Getting a New Jewelry Business Off the Ground

© by Zena Herrick; all rights reserved.

Starting a business starts with an idea. Once you have the idea, what do you do next? Create a list of “to do’s” and “must have’s”? Ugh!

Take it from me, the queen of organization – sometimes it pays to be a little unorganized.

I know, I know that sounds crazy, but it’s not. When you have all your lists created and checked off, you have to put it all together – but sometimes your lists don’t have all the answers and it leads you to create more lists. Sometimes your lists are so fabulous and perfect, but prove that all you’ve done is create lists.

Starting a Jewelry Business is About Doing

Wire necklace by Zena Herrick

Of course you have to have your basic lists of things to start and function in your field, but ultimately it’s about getting your feet wet first and working the knowledge you gain.

In my case I jumped in first, then decided I needed to learn how to swim. Okay, not quite that dramatic, but close to it. I knew what I wanted to do; I just had to find the tools to help me.

In my quest for jewelry making home businesses I found our very own Rena Klingenberg. This site told me about plenty of inexpensive and amazing tools, sites, tips, tricks and vendors that would potentially turn my sink or swim idea to “Oh, I can float with a life preserver?”

I had no idea there were so many people out there making their own jewelry and selling it on their terms. Now I am one of them.

What I’ve taken the scenic route to say is that research is critical to any business success.

Know your market, your competition, and your areas for advertising. Without industry knowledge you will have the hardest time getting out of the red.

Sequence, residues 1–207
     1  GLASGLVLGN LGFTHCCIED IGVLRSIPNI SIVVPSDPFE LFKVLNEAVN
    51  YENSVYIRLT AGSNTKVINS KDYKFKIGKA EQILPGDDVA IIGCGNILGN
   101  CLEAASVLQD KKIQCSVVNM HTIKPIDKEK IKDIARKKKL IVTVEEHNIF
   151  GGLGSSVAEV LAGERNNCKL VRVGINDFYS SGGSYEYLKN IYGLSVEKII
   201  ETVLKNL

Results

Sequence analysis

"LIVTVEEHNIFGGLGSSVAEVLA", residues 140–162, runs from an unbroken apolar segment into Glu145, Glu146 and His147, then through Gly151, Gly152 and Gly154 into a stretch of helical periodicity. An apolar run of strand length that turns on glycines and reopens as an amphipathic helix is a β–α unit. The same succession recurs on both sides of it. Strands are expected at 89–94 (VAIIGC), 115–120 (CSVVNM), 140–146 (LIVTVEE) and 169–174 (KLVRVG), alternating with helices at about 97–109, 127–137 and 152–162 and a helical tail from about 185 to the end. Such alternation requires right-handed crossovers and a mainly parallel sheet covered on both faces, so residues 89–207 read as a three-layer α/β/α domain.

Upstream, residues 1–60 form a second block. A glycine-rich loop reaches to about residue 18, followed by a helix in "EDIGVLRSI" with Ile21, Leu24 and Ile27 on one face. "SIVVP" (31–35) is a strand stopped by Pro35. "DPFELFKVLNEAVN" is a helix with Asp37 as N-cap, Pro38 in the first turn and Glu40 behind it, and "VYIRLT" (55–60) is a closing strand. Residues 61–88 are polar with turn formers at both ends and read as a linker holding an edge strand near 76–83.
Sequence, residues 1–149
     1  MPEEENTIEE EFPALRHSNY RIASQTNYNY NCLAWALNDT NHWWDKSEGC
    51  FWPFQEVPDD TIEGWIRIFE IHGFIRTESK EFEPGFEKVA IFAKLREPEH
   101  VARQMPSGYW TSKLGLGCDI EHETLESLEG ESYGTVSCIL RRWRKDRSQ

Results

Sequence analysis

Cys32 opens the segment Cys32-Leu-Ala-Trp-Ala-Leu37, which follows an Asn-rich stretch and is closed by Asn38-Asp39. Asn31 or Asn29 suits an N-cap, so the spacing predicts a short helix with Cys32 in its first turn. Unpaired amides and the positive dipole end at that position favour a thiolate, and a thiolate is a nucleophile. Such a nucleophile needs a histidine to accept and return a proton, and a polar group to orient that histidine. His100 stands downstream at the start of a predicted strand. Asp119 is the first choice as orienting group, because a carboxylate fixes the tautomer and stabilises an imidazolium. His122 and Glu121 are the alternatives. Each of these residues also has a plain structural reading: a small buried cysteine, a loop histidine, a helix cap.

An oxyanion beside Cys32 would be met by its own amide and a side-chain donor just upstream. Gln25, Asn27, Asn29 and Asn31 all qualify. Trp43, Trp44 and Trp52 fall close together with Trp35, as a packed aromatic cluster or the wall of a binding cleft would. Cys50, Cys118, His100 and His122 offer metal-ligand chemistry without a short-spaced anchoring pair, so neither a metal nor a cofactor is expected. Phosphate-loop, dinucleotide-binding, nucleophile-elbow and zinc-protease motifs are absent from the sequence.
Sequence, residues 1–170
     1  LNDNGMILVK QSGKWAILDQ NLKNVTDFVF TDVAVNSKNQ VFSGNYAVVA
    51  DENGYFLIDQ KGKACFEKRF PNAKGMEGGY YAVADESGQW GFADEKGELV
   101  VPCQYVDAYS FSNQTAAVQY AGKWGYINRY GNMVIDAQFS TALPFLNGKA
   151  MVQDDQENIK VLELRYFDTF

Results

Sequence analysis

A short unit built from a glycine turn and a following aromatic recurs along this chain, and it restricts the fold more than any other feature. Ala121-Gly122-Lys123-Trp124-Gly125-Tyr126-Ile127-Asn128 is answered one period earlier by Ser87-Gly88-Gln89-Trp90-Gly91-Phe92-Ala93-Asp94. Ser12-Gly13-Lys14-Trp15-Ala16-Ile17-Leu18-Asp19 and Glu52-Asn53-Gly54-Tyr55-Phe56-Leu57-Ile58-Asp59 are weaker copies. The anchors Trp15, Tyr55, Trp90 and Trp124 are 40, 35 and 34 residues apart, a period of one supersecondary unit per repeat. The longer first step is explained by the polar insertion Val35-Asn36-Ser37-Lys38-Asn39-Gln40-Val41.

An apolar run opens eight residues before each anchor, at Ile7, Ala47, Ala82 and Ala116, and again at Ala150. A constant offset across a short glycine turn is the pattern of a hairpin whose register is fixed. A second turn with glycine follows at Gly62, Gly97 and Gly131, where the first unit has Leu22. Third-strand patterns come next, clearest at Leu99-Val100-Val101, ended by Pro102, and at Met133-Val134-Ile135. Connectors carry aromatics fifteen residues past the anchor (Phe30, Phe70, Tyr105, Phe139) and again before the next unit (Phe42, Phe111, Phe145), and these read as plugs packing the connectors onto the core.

Network with Other Artists

Don’t be afraid to ask questions. It helps to speak to people who are doing what you want to be doing.

My favorite piece of advice is “share information”. After all, it’s another form of networking. Just because Sally Sue makes jewelry doesn’t mean she’s your competition – unless she lives down the street from you. Both of us are are true artisans in our own right, we both might do beads but we won’t make them the same.

So don’t be afraid of others in the same industry. No one can be good at everything. So if you make Poly Clay jewelry and I do Chainmaille, why not shoot me a customer for Chainmaille; I’ll send you a customer for Poly Clay, and we are both happy. But most importantly, the customer gets what they are looking for and introduced to another jewelry artisan in a different niche. We artists need to stick together.

Ultimately remember that a business isn’t built overnight; only created. Things will take time, but all good things come to those who are patient. (Kinda like this article) 😉

Jewelry set by Zena Herrick

So here are some tips for you. I hope they work as well for you as they are for me.

Bulk Mailing

Buy a color printer. Samsung has a nice laserjet color printer for about $300 (of course I got mine on EBay for a total of about $150 refurbished, but I wish I had bought it new.

Print your own postcards

Use nice cardstock and some postcard stamps.

Print flyers

Make a few black-and-whites for public distribution like parking lots or laundromats. But if you’re handing them out to people directly, make them color. It’s much more professional and will catch their attention immediately. Put your color flyers in supermarkets, upscale laundromats, community colleges.

Advertise using the holidays

Send out flyers, postcards, etc. during Christmas, Valentine’s Day, etc. with discounts and deals. Offer gift certificates.

Create business cards